Sunday, June 15, 2014

22 Jump Street Review


The one problem with many comedies throughout the ages is their ability to just settle. They go with the overly obvious jokes and story choices that just suck all the fun out of the proceedings. Recent great comedies (like The Other Guys, Ted, This Is The End and anything from Edgar Wright) smartly go in unique directions that help strengthen the characters, which helps infinitely in making the jokes land in the best possible fashion. To say 22 Jump Street goes in unexpected directions is an understatement.

What's interesting about this one is how on the surface, it looks like we'll just get the first movie again, this time in a College environment. The ingenious part of this idea is how meta it is; the characters constantly make references to "expanded budgets" (which leads to a great joke about how Ice Cubes character is wearing $800 shoes you can't see) and keeping things similar to their last adventure. But it isn't just in its unique self referential spirit that 22 Jump Street manages to succeed. In fact, the best part (aside from all the jokes of course) is how well it expands on Schmidt (Jonah Hill) and Jenko (Channing Tatum) as characters.

The landscape of College is rife with possibilities for new friendships and experiences, and man alive is it fun to see these two protagonists interact will all those possibilities. They manage to find new ways for the duo to branch out, to feud and to reconcile without making any of it feel gratuitous or unrealistic. After all, they may get into plenty of hilarious hijinks during their adventures, but Schmidt and Jenko do go through several very realistic scenarios that'll ring true for anyone whose had to adjust to a new environment while hoping to retain what they loved in the past. Putting the two through the wringer not only opens new possibilities in the field of characterization, but also finds plenty of opportunities for humor.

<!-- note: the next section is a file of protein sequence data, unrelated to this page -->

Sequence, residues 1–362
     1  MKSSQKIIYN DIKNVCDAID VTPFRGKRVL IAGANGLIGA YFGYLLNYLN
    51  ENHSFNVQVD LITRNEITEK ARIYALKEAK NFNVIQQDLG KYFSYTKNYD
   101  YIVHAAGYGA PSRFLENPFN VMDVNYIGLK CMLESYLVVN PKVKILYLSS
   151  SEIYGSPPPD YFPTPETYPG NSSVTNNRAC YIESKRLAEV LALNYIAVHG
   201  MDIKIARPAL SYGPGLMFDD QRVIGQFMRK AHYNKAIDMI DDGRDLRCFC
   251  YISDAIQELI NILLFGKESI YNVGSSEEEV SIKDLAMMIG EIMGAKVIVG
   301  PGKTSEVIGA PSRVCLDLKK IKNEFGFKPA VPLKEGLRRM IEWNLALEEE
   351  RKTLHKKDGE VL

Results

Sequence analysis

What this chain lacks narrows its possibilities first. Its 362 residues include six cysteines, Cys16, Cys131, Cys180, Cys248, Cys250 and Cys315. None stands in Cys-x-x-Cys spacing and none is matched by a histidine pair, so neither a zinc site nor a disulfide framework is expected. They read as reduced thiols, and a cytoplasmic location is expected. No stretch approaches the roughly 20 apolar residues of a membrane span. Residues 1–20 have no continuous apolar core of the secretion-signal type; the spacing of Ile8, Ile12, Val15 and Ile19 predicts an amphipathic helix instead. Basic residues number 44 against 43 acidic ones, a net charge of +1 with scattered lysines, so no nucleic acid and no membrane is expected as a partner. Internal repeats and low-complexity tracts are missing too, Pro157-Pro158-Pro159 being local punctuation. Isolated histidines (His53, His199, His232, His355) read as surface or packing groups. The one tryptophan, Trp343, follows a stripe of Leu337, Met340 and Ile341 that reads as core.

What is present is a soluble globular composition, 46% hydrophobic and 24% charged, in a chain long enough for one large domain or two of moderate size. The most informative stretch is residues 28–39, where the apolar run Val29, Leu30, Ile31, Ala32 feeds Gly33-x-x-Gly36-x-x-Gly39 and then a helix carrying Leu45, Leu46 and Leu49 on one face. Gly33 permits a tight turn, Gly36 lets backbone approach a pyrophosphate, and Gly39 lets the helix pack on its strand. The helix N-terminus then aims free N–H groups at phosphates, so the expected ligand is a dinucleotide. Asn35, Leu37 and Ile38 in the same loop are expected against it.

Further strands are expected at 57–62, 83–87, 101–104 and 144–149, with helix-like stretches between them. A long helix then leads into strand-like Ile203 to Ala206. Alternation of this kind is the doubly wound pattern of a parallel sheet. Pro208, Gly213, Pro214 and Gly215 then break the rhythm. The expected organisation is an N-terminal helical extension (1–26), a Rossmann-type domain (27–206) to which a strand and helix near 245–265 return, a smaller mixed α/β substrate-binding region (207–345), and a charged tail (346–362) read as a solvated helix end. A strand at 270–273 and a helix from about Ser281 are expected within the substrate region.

Jonah Hill and Channing Tatum continue to excel as a duo, each bringing their own idiosyncrasies to the table that help make several scenes of just the two interacting feel insanely riveting. I especially love Jenkos casual mixups that occur due to his low intelligence (him calling "Carte blanche" Cate Blanchett is a particular high point), while Hill brings vulnerability to Schmidt that makes him even in his clingier moments unendingly likable. Ice Cube, though, is just relentlessly hilarious, with every swear word, every order, every look of disbelief just making me crack up at every single turn. Plus, a bunch of comedians I love (like Patton Oswalt and H. Jon Benjamin) make brief but memorable turns as members of the campus faculty.

That kind of attention to smaller characters is just the kind of devotion directors Phil Lord and Chris Miller are known for at this point. After making the joyous masterpeice The Lego Movie earlier this year, they go for raunchier materiel that hits similar heights in quality. The two have a knack for crafting effective scenes of both visual and wordy humor, as well as getting all the actors to go as subtle or as crazy as possible. Just look at how over the top Tatum is in one scene in the middle during a tense confrontation between Cube and Hills characters, while the subtle approach taken to Tatums mannerisms compared to Hills zany persona in the opening scene of the film. Not only is this contrast nice and humorous, but it alos feels in character for the Jenko we've come to know and love. When you're directing a comedy and you somehow can balance consistent characters and effective comedy, you know you've done your job well. Just shows how Lord and Miller  know just how to get the best possible approach from each actor to make sure the jokes and story are firing on all cylinders.

Honestly, I could analyze how well Lord and Miller do directing, or how terrific the cast is, but I Know what you wanna know above all else; is it truly funny? The answer is, without hesitation, extremely. It is extremely hilarious, to the point where I was in awe of how the movie never fails to keep outdoing the joke that came before it with an even better gag. 22 Jump Street isn't just an amazing summer comedy, but a master class in comedy filmmaking.

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